What Is The Conscientious Employee Protection Act?

What Is The Conscientious Employee Protection Act

Whistleblowers are protected in New Jersey under the New Jersey Conscientious Employee Protection Act. This law prohibits employers from discriminating or retaliating against workers who report them for engaging in illegal activities or for behaving in ways that run contrary to public policy. Employers may also not retaliate against workers who participate in investigations of these types of complaints. The employment law attorneys at Swartz Swidler may help whistleblowers who have been retaliated against by their employers to recover damages.

What are the elements of a New Jersey Conscientious Employee Protection Act claim?

The New Jersey Conscientious Employee Protection Act is found at NJSA 34:19-1 through NJSA 34:19-8. It prohibits private and public employers from engaging in retaliation against workers who refuse to participate in, object to or disclose actions that the workers reasonably believe to be in violation of public policy or illegal. This law prohibits employers from retaliation against a worker based on any of the following:

  • The worker either threatens to disclose or discloses to a public body or a supervisor the employer’s practice, policy or activity that the worker believes is illegal, criminal or fraudulent.
  • The worker testifies before or gives information to an investigatory body about a violation of the law.
  • The worker refuses to participate in or objects to an activity, practice or policy that the employee believes violates the law, is criminal or fraudulent or that violates public policy.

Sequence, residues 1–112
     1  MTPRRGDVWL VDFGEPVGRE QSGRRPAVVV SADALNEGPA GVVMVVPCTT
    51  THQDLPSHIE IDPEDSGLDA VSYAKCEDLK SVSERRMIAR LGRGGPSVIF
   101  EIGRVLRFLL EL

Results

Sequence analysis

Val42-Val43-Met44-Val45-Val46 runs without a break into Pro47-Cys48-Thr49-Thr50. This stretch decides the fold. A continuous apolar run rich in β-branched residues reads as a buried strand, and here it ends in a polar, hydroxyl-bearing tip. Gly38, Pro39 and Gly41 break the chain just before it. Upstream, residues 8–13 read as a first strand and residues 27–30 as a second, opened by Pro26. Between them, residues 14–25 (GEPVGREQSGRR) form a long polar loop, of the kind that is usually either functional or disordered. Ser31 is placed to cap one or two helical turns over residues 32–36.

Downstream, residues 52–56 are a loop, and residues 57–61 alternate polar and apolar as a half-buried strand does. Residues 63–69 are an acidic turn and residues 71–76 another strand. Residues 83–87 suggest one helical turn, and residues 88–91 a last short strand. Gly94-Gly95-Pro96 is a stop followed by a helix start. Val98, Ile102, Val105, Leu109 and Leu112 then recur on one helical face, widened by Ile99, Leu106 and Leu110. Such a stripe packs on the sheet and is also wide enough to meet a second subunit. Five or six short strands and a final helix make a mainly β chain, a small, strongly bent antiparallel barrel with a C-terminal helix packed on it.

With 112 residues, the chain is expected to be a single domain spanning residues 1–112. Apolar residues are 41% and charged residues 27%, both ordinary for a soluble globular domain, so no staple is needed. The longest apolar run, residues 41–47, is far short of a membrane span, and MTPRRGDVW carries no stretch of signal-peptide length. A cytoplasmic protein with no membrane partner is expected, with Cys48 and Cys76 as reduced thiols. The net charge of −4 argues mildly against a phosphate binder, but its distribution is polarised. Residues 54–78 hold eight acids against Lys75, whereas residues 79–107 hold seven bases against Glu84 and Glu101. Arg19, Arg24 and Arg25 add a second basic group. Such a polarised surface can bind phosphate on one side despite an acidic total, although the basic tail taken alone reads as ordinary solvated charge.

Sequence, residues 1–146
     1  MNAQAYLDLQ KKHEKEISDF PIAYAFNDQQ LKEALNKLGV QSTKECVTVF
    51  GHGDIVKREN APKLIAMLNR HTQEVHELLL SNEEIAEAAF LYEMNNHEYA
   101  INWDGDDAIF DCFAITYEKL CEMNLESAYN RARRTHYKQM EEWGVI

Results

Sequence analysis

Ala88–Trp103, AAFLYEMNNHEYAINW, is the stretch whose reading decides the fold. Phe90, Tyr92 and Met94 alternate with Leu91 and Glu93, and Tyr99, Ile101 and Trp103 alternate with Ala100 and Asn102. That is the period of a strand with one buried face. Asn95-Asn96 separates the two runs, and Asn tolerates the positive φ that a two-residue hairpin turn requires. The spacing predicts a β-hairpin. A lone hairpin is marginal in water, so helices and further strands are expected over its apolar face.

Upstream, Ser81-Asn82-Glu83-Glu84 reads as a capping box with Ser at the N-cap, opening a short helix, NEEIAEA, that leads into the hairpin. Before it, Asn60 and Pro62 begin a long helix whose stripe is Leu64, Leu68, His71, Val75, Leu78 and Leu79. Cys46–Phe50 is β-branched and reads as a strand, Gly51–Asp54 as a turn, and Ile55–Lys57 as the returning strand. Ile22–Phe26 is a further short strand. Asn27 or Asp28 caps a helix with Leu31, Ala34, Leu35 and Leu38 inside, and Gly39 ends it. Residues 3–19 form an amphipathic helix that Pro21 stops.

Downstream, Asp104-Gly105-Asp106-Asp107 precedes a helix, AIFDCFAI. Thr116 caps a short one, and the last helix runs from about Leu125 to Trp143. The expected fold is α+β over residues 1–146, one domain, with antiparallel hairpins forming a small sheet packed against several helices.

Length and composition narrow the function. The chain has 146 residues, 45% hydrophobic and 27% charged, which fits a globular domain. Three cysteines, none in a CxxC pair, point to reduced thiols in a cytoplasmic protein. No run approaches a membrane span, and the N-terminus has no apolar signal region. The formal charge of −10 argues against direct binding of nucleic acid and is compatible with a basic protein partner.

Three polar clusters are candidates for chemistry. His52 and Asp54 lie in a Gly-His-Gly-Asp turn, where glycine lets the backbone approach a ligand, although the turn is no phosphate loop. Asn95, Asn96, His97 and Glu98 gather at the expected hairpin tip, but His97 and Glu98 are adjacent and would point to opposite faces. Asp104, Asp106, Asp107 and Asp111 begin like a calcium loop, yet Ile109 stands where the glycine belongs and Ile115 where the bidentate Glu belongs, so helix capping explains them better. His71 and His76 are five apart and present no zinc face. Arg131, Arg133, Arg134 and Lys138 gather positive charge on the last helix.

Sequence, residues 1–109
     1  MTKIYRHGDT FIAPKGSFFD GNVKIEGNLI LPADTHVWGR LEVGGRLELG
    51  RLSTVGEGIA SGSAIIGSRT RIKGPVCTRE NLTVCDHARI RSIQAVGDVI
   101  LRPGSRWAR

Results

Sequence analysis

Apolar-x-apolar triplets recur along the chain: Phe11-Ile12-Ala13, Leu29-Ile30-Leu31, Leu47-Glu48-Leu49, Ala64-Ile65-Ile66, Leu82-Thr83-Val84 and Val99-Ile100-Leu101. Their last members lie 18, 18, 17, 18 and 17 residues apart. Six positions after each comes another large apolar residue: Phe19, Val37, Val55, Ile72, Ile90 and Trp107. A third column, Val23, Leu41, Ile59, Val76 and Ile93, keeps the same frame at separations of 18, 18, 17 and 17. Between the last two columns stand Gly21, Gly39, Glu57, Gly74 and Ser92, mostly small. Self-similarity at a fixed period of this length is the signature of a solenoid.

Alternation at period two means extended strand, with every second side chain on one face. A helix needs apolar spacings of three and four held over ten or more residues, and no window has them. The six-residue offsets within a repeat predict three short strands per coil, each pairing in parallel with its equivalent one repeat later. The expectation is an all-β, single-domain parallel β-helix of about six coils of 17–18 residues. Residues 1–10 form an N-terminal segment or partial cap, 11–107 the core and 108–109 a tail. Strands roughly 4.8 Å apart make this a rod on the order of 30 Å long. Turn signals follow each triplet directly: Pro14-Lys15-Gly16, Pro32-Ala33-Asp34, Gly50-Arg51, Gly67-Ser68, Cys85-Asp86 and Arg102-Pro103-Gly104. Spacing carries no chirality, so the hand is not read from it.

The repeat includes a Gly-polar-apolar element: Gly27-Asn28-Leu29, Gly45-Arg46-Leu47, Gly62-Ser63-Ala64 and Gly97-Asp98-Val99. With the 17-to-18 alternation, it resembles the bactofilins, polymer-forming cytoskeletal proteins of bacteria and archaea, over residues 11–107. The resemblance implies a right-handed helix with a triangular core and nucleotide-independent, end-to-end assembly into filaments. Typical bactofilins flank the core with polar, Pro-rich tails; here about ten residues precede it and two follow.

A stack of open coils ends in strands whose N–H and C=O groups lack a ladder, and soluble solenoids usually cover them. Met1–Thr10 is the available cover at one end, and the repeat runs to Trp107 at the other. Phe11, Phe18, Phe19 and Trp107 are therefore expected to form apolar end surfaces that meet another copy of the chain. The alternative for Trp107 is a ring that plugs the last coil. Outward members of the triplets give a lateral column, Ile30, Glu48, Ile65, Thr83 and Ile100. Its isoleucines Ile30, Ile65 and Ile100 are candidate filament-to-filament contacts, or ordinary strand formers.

These prohibitions may be found in NJSA 34:19-3 and 34:19-2.

In order to present a prima facie case under this law, the plaintiff must present evidence showing that he or she had a reasonable belief that the employer’s actions violated a law or public policy. He or she must also show that the employee’s action was whistleblowing as described under the CEPA. The employee must demonstrate that the employer took an adverse employment action against the worker and that a causal relationship existed between the whistleblowing and that negative job action. Both current and former employees are allowed to file civil actions under this law under any New Jersey court that has jurisdiction to hear the case.


Employees may recover a number of different types of damages under the CEPA, including injunctive orders, job reinstatement, emotional distress damages, reinstatement of seniority and fringe benefits, lost wages and benefits, reasonable costs, attorney fees and punitive damages. Contact an experienced lawyer at Swartz Swidler for help if you were retaliated against for engaging in whistleblowing against your employer.